“Women Without Men”, One More Must See Film from Iran.

Women Without Men.

Women Without Men.

Women Without Men sounds like another of those worthy but dull, educational chores. Nothing could be further from the truth. It’s a sumptuous, richly evocative film that calls to mind the heady days of Italian cinema in the 60s and early 70s.

Think late Visconti, De Sica’s The Garden of the Finzi Continis (reviewed earlier here) and the Taviani brothers. Imagine if Bertolucci had ever managed to use his technical bravura to actually say something.

Shirin Neshat, whose first film this was, has said that she was influenced by Kiarostami when she decided to make the move from conceptual art into the world of feature films. And she is very much part of that new wave of Iranian film makers that also includes Ashgar Farhadi, whose A Separation and About Elly I reviewed here and here, and poor Jafar Panahi, reviewed here who, outrageously, remains imprisoned in Iran.

This Is Not A Film

Panahi’s This Is Not A Film.

Interestingly and unlike them, she is looking at Iran from the outside, having lived most of her life as an exile in the US.

Neshat  has taken Shahrnush Parisipur’s famous novella, which charts the lives of four women, and has posited their stories against the backdrop of the events of 1953. It was then that the British and the US came together to overthrow the democratically elected government of Mosaddegh, and supplant him with a military dictatorship under the Shah, so they could regain control of Iran’s oil supply.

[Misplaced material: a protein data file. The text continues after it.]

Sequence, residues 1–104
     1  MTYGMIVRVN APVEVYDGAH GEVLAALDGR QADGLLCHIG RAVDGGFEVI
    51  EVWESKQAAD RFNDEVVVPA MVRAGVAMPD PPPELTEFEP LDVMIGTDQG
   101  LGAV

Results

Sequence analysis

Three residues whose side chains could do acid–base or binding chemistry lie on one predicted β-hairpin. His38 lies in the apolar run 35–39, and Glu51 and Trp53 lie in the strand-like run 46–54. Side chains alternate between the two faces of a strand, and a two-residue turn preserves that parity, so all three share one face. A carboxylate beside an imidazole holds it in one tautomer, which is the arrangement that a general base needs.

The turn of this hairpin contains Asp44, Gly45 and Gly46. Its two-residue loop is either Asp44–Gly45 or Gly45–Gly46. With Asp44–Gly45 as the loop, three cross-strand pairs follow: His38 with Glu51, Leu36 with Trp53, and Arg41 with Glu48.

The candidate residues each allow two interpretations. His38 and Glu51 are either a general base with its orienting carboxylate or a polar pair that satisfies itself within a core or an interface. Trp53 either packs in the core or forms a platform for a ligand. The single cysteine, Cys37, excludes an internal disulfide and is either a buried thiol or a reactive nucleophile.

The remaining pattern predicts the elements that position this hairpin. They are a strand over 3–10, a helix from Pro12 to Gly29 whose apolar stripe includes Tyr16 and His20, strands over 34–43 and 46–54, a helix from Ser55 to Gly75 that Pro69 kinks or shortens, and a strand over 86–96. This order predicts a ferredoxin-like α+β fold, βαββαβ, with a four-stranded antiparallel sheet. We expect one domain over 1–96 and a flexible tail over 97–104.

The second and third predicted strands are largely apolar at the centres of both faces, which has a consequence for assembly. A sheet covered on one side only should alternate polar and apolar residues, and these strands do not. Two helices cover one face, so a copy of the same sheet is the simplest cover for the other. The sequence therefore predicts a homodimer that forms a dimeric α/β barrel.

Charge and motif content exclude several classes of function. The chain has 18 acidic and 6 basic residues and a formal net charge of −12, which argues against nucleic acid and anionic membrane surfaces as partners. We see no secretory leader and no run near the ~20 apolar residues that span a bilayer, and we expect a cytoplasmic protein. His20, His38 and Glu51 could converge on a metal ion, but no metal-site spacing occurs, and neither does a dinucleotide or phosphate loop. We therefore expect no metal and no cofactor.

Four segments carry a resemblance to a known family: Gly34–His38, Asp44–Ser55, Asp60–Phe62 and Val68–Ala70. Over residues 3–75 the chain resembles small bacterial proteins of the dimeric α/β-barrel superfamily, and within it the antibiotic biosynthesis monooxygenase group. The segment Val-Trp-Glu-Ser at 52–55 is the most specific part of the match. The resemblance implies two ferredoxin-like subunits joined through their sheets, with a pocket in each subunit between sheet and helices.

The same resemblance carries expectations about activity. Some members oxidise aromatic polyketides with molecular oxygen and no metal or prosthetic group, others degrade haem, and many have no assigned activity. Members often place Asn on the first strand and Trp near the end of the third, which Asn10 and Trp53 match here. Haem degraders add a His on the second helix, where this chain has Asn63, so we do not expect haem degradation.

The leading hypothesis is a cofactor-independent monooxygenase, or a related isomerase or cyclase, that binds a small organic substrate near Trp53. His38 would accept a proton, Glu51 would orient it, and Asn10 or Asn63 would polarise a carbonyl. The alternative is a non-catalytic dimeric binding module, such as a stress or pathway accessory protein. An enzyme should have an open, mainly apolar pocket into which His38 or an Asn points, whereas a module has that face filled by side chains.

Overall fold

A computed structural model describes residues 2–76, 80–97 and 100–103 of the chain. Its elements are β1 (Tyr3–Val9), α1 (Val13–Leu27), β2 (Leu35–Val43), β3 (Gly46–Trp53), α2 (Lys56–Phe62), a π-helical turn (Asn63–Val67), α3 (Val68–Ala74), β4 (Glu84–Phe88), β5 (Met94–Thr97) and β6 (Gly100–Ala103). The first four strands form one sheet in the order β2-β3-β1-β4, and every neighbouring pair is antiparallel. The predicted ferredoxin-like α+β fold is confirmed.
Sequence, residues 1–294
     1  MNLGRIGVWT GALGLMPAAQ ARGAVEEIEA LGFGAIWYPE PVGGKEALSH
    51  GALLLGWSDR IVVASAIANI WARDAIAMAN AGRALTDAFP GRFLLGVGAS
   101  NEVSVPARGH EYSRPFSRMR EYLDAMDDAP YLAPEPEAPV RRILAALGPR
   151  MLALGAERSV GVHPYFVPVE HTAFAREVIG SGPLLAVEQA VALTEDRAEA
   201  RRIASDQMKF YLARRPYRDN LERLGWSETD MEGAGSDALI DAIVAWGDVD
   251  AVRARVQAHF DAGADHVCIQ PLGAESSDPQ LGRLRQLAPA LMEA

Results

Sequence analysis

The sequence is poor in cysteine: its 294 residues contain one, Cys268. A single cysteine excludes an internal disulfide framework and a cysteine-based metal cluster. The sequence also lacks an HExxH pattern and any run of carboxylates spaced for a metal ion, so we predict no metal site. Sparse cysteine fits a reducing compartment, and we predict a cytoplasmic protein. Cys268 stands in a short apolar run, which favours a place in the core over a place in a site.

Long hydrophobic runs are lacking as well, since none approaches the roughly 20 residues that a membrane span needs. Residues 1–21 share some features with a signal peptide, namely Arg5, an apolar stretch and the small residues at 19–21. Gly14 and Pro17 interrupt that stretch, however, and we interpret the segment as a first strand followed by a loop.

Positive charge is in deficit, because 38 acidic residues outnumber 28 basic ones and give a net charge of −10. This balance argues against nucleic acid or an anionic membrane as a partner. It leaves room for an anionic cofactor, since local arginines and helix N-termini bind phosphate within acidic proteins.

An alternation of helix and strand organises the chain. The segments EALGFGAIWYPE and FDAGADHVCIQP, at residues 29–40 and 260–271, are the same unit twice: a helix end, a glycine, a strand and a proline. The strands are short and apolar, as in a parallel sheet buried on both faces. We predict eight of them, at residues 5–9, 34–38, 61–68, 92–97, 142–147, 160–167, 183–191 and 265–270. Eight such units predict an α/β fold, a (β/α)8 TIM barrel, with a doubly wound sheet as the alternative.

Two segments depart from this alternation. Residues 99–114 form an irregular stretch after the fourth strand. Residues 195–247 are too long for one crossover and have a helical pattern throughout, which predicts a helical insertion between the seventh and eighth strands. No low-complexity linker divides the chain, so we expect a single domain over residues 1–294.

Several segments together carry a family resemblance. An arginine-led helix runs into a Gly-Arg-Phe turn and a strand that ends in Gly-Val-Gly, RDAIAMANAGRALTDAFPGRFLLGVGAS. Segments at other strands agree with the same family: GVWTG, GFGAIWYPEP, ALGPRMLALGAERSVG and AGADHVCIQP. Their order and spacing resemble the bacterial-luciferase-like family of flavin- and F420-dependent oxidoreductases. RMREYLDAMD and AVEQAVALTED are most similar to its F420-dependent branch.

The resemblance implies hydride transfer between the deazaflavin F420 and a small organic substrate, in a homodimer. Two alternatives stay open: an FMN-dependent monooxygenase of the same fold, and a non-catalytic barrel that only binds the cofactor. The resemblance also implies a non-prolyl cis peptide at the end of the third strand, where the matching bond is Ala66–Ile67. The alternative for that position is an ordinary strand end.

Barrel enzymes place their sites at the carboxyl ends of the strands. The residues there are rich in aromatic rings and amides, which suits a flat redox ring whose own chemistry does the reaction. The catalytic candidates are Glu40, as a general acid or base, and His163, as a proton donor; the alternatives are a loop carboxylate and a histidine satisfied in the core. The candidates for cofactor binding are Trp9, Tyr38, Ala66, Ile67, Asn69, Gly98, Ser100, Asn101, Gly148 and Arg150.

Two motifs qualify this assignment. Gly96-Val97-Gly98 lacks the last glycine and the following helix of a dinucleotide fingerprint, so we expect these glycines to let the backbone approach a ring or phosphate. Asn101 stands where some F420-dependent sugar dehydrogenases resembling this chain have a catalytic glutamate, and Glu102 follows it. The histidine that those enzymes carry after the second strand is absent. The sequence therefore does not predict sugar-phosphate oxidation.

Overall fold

I can’t for the life of me imagine why a film maker would waste her time on historical events like this that clearly have so little relevance to the world we live in today.

Inevitably, indeed necessarily, revolution followed 25 years later. And immediately after which, the same crowd armed and funded Iraq in its war against Iran. And then, more oil, more US and British troops, yet more resentment, and so on ad infinitum. And let’s not even get into the centuries of abuse in neighbouring Afghanistan. Little wonder then that Iran looks at the West with all too weary and jaundiced eyes.

Women Without Men.

Women Without Men.

All of which could have resulted in a painfully dull film, part historical lecture, part feminist tract. But what Neshat has made instead is a marriage of magic realism and exquisite, formal precision. The result is ravishingly beautiful and quietly moving. Four female archetypes set against the backdrop of political turmoil, in the face of which, resistance appears futile.

And yet, resist they must. We all should.

It won the Silver Lion at Venice in 2009 – in fairness, the Golden Lion went to the brilliant Lebanon. You should see them both, and you can see the trailer for Women Without Men here.

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